OT-Phone scams involving Area Code 809

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[Category: Telecommunications]

I received this today. It concerns scams involving Dominican Republic Area Code 809, which apparently exploit its easily being mistaken for a toll-free area code.

The North American Numbering Plan Administration website lists all area codes and what they denote. The codes designated for toll-free calling are 800, 855, 866, 877 and 888. The alert follows:


This is pretty scary - especially given how they try to get you to call. Be sure you read this & pass it on to all your friends & family so they don't get scammed!

SCAM: Don't Respond To Emails, Phone Calls, or Web Pages Which Tell You to Call An "809" Phone Number.

This can easily cost you $100 or more, and is difficult to avoid unless you are aware of it. We'd like to thank Paul Bruemmer and Brian Stains for bringing this scam to our attention. This scam has also been identified by the National Fraud Information Center and is costing victims a lot of money. There are lots of different permutations of this scam, but...


Permutation #1: Internet Based Phone Scam Via Email

You receive an email, typically with a subject line of "*ALERT*" or "Unpaid account."

The message, which is being spammed across the net, says: I am writing to give you a final 24 hrs to settle your outstanding account. If I have not received the settlement in full, I will commence legal proceedings without further delay. If you would like to discuss this matter to avoid court action, call Mike Murray at Global Communications on at 1-809-496-2700.

Permutation #2: Phone Or Pager Scam

You receive a message on your answering machine or your pager which asks you to call a number beginning with area code 809. The reason you're asked to call varies: it can be to receive information about a family member who has been ill, to tell you someone has been arrested, died, or to let you know that you have won a wonderful prize, etc...

In each case, you're told to call the 809 number right away. Since there are so many new area codes these days, people unknowingly return these calls.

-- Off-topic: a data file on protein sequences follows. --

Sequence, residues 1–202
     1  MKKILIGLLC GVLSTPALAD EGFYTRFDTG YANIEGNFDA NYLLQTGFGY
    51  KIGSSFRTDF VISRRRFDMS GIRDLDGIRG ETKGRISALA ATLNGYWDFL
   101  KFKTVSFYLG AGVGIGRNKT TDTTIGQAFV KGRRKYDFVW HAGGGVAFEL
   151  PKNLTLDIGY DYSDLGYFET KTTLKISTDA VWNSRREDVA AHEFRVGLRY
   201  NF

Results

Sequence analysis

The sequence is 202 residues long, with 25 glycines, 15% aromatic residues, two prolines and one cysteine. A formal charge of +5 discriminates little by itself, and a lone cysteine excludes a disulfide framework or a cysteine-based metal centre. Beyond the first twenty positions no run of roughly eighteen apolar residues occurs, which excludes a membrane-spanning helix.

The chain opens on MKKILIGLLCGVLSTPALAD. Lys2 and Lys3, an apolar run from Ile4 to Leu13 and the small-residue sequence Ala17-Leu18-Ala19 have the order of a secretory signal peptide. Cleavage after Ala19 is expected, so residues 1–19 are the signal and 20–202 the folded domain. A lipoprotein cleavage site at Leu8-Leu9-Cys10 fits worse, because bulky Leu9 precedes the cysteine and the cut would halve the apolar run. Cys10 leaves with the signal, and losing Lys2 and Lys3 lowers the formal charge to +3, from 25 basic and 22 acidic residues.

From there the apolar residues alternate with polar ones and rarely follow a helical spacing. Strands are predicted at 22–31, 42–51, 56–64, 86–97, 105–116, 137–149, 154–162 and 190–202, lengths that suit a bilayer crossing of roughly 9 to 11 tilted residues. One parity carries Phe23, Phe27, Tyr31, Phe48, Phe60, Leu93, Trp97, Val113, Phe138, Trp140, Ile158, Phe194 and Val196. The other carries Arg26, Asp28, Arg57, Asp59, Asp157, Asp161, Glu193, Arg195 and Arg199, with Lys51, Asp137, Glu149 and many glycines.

If you call from the US, you will apparently be charged $25 per-minute! Sometimes the person who answers the phone will speak broken English and pretend not to understand you. Other times, you'll just get a long recorded message. The point is, they will try to keep you on the phone as long as possible to increase the charges. Unfortunately, when you get your phone bill, you'll often be charged more than $100.00.


The 809 area code is located in the British Virgin Islands (the Bahamas). The 809 area code can be used as a "pay-per-call" number, similar to 900 numbers in the US. Since 809 is not in the US, it is not covered by US regulations of 900 numbers, which require that you be notified and warned of charges and rates involved when you call a "pay-per-call" number.

There is also no requirement that the company provide a time period during which you may terminate the call without being charged. Further, whereas many US phones have 900 number blocking to avoid these kinds of charges, 900 number blocking will not prevent calls to the 809 area code.

We recommend that no matter how you get the message, if you are asked to call a number with an 809 area code that you don't recognize, investigate further and/or disregard the message.

Be *very* wary of email or calls asking you to call an 809 area code since trying to fight the charges afterwards can become a real nightmare. That's because you did actually make the call. If you complain, both your local phone company and your long distance carrier will not want to get involved and will most likely tell you that they are simply providing the billing for the foreign company. You'll end up dealing with a foreign company that argues they have done nothing wrong.

Please forward this entire issue of Internet ScamBusters! To your friends, family and colleagues to help them become aware of this scam so they don't get ripped off.

-- David L (bumpkin@dnet.net), April 10, 2000



ScamBusters did not send that e-mail and the message contains some inaccuracies. You can go to http://www.scambusters.com/809Scam.html to see the real sccop on this.

-- Jim Cooke (JJCooke@yahoo.com), April 10, 2000.

Thank you, Jim. Funny, in looking up the territory for Area Code 809 (on the NANPA site), I noticed that it was given differently from the email (though in the vicinity), but I guess my knowledge of Carribean geography could use some improvement.

From scanning ScamBusters' site, it seems that the main misrepresentation in the piece I posted was the advice to "never" call Area Code 809. So I have only minimal egg to clean up.

-- David L (bumpkin@dnet.net), April 10, 2000.

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